Additional classes for high school lacrosse and volleyball and a revision to the cooperative team policy that enables neighboring schools to band together to expand their sports offerings gained final approval by the Maine Principals’ Association on Thursday.
Those changes, along with the biennial reclassification of schools in all sports sponsored by the MPA, advanced through individual sport committees as well as the classification and interscholastic management panels during the past year before being presented to the MPA’s general membership as part of its annual spring conference at the Samoset Resort in Rockport.
Perhaps the most significant change involved the cooperative team policy, in which multiple schools are allowed to form collaborative teams in an effort to provide a wider variety of interscholastic sports for student-athletes around the state in the face of steadily shrinking enrollments.
Under the original policy, the full enrollments of all schools represented on a collaborative team were counted toward classification. That left the potential for a cooperative entry to be forced to play one or even two classes above the primary school’s full enrollment with as few as one participant from a second contributing school.
That sometimes forced such cooperative teams into a much less competitive situation against much larger single-school programs.
“I think in the past sometimes there were schools that hesitated to enter a cooperative team relationship because even though they were only picking up a couple of kids from a second school it was going to bounce them up a class,” said MPA executive director Dick Durost.
The approved revision requires only the full enrollment of the host school for a cooperative team to be counted toward the total for classification, along with a percentage of any other participating school’s enrollment based on the percentage of players it has on the team.
For example, if a baseball team has 20 players and 18 come from the host school with two players from a second school, just 10 percent of the second school’s enrollment would be added toward the classification enrollment as opposed to 100 percent under the previous policy.
Cooperative teams are most common in ice hockey, with several football teams also featuring student-athletes from more than one school. Proponents of the plan believe it may expand such collaborations in those sports and others.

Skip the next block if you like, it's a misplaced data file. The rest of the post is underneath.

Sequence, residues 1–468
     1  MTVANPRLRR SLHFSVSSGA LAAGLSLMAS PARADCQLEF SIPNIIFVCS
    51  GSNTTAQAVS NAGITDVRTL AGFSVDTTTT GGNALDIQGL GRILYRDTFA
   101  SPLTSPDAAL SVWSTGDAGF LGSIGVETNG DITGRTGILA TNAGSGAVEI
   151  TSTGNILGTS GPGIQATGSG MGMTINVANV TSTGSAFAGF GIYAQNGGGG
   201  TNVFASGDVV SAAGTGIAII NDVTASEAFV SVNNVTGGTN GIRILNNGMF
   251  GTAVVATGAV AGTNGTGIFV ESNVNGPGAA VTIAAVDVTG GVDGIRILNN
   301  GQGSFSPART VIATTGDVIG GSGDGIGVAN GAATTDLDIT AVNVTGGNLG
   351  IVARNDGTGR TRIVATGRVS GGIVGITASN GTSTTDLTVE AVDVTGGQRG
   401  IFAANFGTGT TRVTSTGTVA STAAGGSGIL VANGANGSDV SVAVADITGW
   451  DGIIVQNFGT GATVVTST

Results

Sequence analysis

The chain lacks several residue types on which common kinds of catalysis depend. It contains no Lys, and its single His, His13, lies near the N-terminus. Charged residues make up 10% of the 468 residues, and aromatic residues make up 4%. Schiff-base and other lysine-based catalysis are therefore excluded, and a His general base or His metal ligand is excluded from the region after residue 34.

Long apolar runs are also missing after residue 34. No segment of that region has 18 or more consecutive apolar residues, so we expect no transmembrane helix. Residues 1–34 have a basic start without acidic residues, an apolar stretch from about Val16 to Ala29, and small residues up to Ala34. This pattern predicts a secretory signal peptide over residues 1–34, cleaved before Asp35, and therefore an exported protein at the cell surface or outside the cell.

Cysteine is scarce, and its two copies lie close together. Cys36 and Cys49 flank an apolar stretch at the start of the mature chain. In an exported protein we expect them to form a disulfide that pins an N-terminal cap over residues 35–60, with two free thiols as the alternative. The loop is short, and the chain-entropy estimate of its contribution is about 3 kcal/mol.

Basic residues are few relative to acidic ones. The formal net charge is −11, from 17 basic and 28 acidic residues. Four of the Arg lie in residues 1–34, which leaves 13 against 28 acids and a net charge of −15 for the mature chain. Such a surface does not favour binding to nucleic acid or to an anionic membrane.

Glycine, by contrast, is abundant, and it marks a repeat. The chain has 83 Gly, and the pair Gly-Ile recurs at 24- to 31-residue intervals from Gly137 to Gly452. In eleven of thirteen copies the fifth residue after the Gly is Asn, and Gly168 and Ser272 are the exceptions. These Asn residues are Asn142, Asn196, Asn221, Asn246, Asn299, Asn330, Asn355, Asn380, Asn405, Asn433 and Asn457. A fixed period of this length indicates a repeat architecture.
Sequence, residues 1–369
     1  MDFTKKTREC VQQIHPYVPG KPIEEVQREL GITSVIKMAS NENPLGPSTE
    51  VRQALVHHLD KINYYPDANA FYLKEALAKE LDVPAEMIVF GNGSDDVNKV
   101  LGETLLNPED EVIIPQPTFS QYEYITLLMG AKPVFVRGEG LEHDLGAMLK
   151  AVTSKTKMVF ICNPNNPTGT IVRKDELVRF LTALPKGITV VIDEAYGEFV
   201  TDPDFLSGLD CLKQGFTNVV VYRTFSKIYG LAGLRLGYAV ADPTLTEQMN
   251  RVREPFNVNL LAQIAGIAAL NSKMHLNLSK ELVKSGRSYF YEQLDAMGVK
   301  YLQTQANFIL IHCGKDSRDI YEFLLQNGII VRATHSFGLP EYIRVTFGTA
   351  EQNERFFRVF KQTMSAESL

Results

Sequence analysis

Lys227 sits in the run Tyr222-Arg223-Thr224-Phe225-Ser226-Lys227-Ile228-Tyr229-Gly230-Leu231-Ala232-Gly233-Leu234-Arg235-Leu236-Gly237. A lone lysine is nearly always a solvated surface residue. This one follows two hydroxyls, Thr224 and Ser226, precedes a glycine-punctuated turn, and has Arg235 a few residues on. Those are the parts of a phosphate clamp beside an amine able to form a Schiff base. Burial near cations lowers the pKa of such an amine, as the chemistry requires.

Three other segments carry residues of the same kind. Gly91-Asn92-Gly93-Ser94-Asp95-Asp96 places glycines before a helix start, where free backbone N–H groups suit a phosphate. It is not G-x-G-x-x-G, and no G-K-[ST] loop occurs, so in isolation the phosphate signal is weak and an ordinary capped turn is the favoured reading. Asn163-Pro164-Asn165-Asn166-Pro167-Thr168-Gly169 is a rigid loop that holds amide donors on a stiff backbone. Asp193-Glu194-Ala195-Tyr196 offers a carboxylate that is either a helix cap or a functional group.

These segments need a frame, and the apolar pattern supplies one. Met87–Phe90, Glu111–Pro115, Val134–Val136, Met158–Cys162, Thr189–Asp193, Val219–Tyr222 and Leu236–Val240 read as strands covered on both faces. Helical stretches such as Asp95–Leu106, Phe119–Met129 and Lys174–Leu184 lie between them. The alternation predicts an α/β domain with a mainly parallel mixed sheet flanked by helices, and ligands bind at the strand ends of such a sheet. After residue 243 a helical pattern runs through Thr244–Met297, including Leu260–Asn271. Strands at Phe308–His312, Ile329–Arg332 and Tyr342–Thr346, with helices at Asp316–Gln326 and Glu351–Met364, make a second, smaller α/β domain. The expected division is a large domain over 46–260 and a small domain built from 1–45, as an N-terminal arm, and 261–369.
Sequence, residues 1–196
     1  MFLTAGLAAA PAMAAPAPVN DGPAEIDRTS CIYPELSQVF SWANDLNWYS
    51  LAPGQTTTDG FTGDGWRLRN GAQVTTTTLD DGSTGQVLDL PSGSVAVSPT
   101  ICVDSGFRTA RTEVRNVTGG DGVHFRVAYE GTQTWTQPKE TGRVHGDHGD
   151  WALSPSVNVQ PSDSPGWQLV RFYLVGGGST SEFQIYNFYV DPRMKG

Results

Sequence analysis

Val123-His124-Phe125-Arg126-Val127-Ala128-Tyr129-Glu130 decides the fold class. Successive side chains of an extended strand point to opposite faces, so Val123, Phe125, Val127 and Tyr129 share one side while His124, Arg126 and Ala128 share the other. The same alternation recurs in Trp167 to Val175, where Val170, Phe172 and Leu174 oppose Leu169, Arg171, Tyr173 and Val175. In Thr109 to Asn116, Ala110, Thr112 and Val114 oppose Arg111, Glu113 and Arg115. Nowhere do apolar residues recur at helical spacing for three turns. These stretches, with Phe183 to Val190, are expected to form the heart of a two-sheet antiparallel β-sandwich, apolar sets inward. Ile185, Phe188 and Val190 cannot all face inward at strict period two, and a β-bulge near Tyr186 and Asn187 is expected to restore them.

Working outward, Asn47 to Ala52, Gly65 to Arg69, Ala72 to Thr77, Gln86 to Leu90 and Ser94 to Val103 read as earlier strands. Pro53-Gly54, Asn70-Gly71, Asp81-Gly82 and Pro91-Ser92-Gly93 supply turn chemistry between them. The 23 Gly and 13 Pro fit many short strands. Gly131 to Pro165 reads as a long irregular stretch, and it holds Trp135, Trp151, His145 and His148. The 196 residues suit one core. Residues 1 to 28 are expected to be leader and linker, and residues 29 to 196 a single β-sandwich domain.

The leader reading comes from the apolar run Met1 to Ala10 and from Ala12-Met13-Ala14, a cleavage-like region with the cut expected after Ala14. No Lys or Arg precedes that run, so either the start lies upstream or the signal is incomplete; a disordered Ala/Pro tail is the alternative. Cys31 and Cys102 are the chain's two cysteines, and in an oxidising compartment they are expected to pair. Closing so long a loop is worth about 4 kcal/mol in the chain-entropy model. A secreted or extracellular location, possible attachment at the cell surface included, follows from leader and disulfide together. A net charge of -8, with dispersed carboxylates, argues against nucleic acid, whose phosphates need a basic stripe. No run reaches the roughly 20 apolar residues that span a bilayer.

“The real piece of this is it’s a much more realistic reflection of the impact of that small number of kids from the second school,” said Durost, “and if it’s a larger number of kids, a higher percentage of kids, the rule will do what the old rule needed to do, which is probably to bump them up a class.
“But it makes it more likely that the first school will be willing to give the neighbors next door an opportunity to participate that they might not otherwise have had.”
The expansion of volleyball and boys and girls lacrosse from two to three classes reflects the continuing statewide growth of those sports.
Volleyball now will have 36 programs divided among three statewide classes next fall, while boys and girls lacrosse each will have Class A North and South regions and statewide Class B and Class C divisions.
Boys lacrosse will have 46 varsity programs statewide next spring, 19 in Class A, 13 in Class B and 14 in Class C. Girls lacrosse will have 47 varsity teams in 2018, 19 in Class A, 12 in Class B and 16 in Class C.
Also approved by the MPA’s general membership was the addition of a fifth, developmental class for high school football beginning this fall.
Class E was created to aid in the rebuilding of existing programs that have struggled competitively in recent years because of low participation numbers as well as in some cases shrinking enrollment. Teams expected to participate in the new class are Camden Hills of Rockport, Maranacook of Readfield, Traip Academy of Kittery, Boothbay Region, Sacopee Valley of South Hiram and Telstar of Bethel.